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     Around lunchtime, Henry took me back to his solar workshop, the Red Cloud Renewable Energy Center.  There he showed me a lot of the materials in the shop, including the passive solar heaters that they locally manufacture and some recently designed photovoltaic systems (PV).  The PV panel he showed me he said cost $10 to make in terms of material costs.  I was shocked at how affordable to panel was to make. 

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I then showed him my dream of making solar powered computers.  I showed him the box of materials for that I had brought.  I introduced Henry to the Arduino, Beaglebone, and Raspberry Pi microcomputers, that cost $10, $35, and $35, respectively. 

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He seemed really interested in them.  I had the idea that I could make and sell solar powered Raspberry Pi cases that are decorated by local Lakota artists and designs to raise money for the reservation.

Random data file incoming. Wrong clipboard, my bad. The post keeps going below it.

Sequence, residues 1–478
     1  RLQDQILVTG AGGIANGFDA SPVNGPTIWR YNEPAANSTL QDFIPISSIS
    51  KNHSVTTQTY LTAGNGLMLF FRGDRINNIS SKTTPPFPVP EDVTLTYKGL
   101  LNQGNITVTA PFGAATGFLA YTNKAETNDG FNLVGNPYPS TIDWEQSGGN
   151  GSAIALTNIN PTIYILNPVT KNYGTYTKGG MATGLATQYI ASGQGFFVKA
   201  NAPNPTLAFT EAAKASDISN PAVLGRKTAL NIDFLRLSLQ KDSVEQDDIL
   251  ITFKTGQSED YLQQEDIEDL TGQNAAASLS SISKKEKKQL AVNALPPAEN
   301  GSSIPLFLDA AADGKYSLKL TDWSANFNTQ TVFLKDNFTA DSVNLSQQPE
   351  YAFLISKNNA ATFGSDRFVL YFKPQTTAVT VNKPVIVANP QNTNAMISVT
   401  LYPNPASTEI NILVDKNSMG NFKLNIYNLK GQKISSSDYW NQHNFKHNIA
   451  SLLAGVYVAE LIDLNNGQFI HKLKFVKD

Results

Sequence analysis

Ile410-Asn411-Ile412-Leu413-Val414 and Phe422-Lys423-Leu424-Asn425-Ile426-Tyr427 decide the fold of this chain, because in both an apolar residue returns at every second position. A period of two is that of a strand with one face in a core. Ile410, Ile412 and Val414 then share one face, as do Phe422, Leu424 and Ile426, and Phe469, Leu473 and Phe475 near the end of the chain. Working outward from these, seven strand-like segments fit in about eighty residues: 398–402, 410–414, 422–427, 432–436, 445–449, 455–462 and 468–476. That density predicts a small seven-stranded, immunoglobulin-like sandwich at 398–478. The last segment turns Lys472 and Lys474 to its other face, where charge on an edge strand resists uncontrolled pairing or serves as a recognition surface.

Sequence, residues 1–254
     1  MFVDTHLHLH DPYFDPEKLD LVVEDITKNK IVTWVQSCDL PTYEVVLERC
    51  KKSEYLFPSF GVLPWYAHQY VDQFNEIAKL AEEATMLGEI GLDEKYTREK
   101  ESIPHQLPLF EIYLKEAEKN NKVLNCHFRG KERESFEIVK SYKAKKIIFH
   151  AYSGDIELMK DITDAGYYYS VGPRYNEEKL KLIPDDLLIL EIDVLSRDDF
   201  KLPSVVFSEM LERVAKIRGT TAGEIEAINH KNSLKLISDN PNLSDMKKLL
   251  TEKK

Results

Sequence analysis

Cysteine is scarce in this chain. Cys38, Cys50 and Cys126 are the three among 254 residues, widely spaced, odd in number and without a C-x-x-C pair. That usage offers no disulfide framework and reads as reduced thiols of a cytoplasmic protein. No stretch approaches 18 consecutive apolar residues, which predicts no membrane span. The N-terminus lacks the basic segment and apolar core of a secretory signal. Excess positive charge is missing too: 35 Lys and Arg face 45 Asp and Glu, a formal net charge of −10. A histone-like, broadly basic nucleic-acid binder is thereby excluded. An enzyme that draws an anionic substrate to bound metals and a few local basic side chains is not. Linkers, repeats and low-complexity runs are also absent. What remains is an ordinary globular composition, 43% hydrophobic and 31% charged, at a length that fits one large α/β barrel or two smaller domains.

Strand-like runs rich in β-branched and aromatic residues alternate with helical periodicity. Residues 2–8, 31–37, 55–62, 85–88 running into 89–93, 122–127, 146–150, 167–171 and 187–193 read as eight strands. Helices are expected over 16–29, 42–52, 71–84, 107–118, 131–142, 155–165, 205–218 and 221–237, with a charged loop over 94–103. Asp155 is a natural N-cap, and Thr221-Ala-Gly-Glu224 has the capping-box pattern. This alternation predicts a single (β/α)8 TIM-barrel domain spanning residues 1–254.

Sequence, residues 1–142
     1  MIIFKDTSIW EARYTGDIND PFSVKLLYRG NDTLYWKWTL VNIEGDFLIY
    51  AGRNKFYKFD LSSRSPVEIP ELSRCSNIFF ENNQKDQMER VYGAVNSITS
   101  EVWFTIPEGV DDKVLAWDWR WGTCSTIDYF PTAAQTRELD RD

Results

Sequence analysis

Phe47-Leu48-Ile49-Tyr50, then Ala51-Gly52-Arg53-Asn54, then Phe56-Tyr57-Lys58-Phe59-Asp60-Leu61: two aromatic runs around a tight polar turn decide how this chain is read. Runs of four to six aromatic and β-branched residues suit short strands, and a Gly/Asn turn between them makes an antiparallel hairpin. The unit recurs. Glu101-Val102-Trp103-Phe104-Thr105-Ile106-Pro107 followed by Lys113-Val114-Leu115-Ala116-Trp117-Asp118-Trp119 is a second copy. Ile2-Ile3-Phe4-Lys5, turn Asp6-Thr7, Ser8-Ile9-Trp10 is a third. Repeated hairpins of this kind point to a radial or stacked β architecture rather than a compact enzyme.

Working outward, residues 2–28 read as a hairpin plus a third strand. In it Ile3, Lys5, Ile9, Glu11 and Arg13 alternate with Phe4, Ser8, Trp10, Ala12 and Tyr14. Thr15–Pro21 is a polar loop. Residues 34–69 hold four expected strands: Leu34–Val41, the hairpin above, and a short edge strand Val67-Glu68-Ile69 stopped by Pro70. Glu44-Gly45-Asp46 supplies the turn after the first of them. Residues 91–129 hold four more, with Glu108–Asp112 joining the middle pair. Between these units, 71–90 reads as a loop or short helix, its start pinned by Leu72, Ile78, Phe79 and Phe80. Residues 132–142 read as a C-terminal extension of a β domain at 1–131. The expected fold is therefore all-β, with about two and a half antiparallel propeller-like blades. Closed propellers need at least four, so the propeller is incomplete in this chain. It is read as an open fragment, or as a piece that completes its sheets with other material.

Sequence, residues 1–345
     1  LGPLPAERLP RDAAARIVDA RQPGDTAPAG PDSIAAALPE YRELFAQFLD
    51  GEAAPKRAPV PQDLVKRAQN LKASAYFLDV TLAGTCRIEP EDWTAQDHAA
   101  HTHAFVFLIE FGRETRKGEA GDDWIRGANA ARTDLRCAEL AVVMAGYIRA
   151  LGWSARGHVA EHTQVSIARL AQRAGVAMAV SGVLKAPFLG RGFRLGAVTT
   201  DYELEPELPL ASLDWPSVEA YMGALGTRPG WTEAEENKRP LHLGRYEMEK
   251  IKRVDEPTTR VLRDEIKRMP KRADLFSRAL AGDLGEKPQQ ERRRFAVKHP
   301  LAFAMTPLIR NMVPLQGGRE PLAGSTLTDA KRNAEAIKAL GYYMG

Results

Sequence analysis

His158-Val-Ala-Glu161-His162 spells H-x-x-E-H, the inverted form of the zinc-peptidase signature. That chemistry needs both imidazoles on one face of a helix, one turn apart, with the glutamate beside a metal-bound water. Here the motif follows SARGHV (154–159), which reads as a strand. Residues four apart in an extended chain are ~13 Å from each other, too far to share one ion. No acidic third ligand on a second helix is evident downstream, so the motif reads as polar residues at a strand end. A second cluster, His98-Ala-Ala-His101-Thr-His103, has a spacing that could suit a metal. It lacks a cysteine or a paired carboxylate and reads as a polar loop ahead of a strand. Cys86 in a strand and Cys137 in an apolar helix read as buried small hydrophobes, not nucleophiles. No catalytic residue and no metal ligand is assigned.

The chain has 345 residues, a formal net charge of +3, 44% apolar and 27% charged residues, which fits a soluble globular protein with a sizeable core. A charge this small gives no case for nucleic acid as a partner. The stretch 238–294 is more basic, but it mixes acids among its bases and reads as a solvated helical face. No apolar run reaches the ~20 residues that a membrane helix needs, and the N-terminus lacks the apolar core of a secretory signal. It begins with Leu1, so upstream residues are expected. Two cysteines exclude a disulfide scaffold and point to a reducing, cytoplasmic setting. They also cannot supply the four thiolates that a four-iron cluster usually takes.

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I was thinking of doing a Kickstarter where donors would get a custom made Lakota Solar Computer.  Donations could be put into making a solar compressed earth block computer laboratory with many Raspberry Pi’s.  They computer laboratory could be a place where Lakota youth come to use computers and design sustainable solutions to problems on the reservation, like hot water heaters.  The idea would be for youth to be able to got out and find solutions to problems on the reservation on their own and create local solutions in the same way Henry did.  I would be happy to teach programming and other more intensive computer skills if that is something that is deemed good.  For the little kids, we could load computer games like Foldit! to introduce science in a fun way.  This is a long term goal, but something that I would like to do with my life.